June 20, 2024
Owner's Engineer banner
HomeNews Serbia EnergySerbia: Companies interested in buying green electricity

Serbia: Companies interested in buying green electricity

Supported byClarion Energy banner

Last year, the European electricity exchanges stabilized and the average wholesale price per megawatt hour hovered around 110 euros. Serbian companies are increasingly looking for clean energy and are interested in buying it directly from producers at an even more favourable price.

In the European electricity market, Power Purchase Agreement – PPA contracts are already a practice. The advantage is that they connect renewable energy producers directly with large customers, with mutual benefits in the long run.

Miloš Mladenović, director of the Serbian electricity exchange Sepeks, says that by signing a PPA contract with a relevant partner, price stability is obtained for five years or more.

Supported byHerran banner

“On the other hand, it brings producers of renewable energy a safe placement on the market, that is, price certainty on the selling side, which banks are looking for to finance the project,” adds Mladenović.

Businessmen believe that such contracting brings not only a more realistic price of electricity on the market but also guarantees the supply of green energy.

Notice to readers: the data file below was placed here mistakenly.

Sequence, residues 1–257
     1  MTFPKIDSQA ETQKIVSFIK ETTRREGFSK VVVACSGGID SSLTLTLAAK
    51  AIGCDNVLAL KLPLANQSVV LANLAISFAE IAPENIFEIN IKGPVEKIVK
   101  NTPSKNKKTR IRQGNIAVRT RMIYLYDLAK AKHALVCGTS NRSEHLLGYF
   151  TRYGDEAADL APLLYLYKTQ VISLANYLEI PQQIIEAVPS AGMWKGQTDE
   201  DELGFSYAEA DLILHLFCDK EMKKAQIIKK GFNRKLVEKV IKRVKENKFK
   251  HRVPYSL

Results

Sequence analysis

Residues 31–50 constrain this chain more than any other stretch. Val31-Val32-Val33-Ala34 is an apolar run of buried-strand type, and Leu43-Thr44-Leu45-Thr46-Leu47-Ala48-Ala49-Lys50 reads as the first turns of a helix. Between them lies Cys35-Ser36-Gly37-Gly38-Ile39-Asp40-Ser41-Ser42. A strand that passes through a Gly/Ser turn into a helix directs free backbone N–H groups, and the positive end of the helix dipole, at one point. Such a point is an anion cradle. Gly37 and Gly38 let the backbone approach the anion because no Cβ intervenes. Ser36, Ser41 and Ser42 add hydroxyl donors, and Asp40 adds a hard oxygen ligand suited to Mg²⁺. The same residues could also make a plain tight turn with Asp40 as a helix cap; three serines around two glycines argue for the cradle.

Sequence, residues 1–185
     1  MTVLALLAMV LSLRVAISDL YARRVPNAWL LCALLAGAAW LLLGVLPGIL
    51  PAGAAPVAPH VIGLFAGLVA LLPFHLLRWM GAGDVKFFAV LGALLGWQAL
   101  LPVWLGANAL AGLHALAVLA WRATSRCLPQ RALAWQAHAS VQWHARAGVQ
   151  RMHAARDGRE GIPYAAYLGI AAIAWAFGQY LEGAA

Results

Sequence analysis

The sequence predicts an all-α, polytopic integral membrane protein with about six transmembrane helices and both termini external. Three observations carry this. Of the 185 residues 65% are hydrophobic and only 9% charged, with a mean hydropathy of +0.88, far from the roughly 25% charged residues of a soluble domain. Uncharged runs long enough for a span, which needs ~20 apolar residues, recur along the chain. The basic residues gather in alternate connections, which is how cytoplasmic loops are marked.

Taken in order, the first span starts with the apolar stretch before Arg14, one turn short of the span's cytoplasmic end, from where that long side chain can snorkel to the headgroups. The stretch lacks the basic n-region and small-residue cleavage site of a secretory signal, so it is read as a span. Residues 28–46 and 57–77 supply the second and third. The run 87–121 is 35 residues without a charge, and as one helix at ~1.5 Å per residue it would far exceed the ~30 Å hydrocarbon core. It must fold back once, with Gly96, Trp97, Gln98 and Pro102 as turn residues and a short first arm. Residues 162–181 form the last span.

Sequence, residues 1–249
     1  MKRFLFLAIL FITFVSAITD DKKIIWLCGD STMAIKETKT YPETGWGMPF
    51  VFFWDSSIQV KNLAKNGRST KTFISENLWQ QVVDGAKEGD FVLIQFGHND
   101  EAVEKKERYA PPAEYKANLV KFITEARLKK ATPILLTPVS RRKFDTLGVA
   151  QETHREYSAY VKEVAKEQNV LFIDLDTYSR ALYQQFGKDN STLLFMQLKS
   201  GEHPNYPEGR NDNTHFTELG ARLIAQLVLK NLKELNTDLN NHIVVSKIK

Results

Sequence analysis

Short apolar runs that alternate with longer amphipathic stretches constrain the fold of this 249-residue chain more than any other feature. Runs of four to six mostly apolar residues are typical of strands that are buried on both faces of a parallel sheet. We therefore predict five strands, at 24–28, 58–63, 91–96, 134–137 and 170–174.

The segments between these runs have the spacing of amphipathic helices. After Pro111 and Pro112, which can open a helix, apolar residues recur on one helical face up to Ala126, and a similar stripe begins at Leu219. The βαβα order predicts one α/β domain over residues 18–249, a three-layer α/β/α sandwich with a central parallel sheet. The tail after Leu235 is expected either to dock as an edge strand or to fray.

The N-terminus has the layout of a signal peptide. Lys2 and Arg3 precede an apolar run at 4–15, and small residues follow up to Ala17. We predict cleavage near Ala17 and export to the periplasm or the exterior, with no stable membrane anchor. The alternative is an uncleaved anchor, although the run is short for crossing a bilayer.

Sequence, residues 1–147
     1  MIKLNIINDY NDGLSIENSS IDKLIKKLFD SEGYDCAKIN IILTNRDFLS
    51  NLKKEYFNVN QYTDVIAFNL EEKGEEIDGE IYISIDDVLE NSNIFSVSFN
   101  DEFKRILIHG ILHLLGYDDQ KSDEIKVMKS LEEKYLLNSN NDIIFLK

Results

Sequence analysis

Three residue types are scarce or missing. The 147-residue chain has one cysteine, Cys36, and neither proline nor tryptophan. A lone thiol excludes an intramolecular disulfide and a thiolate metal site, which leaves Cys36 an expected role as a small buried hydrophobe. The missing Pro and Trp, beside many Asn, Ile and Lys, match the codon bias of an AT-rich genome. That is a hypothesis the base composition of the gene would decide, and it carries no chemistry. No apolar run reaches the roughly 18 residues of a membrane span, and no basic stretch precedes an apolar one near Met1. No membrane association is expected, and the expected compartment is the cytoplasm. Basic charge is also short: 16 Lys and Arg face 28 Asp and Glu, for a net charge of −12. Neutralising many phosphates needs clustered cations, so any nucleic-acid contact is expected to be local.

Ivan Komatina, director of the company “Kntango” from Rudnik near Gornji Milanovac, says that they are interested in buying green megawatts because they have entered the process of obtaining a CO2 footprint certificate.

“We are exporters, by purchasing green energy you have significantly reduced the CO2 tax that is expected from 2025 in the European Union,” says Komatina.

The price of electricity on the market has been falling since December

The past energy crisis showed the vulnerability of the European electricity market.

It is dictated by supply and demand, geopolitical, and especially weather conditions that contributed to the stabilization of electricity prices.

Dejan Stojčevski from “SEEPEX” points out that it is rare for the price to decrease during January, which has been falling constantly since December.

“If we look at this tendency, it will only fall in March, April, when the water comes, the sun and better weather, less consumption,” adds Stojčevski.

Miloš Mladenović adds that the trend in the futures market is that there will be no disruptions and that the price will be at the level between 70 and 90 euros per megawatt hour.

By directly contracting supply, producers from renewable energy sources and the Serbian industry become not only active participants in the market but also in the green transition of our country.

Supported byElevatePR Digital banner

RELATED ARTICLES

Supported byOwner's Engineer
Supported by
Supported byClarion Energy
Supported by
error: Content is protected !!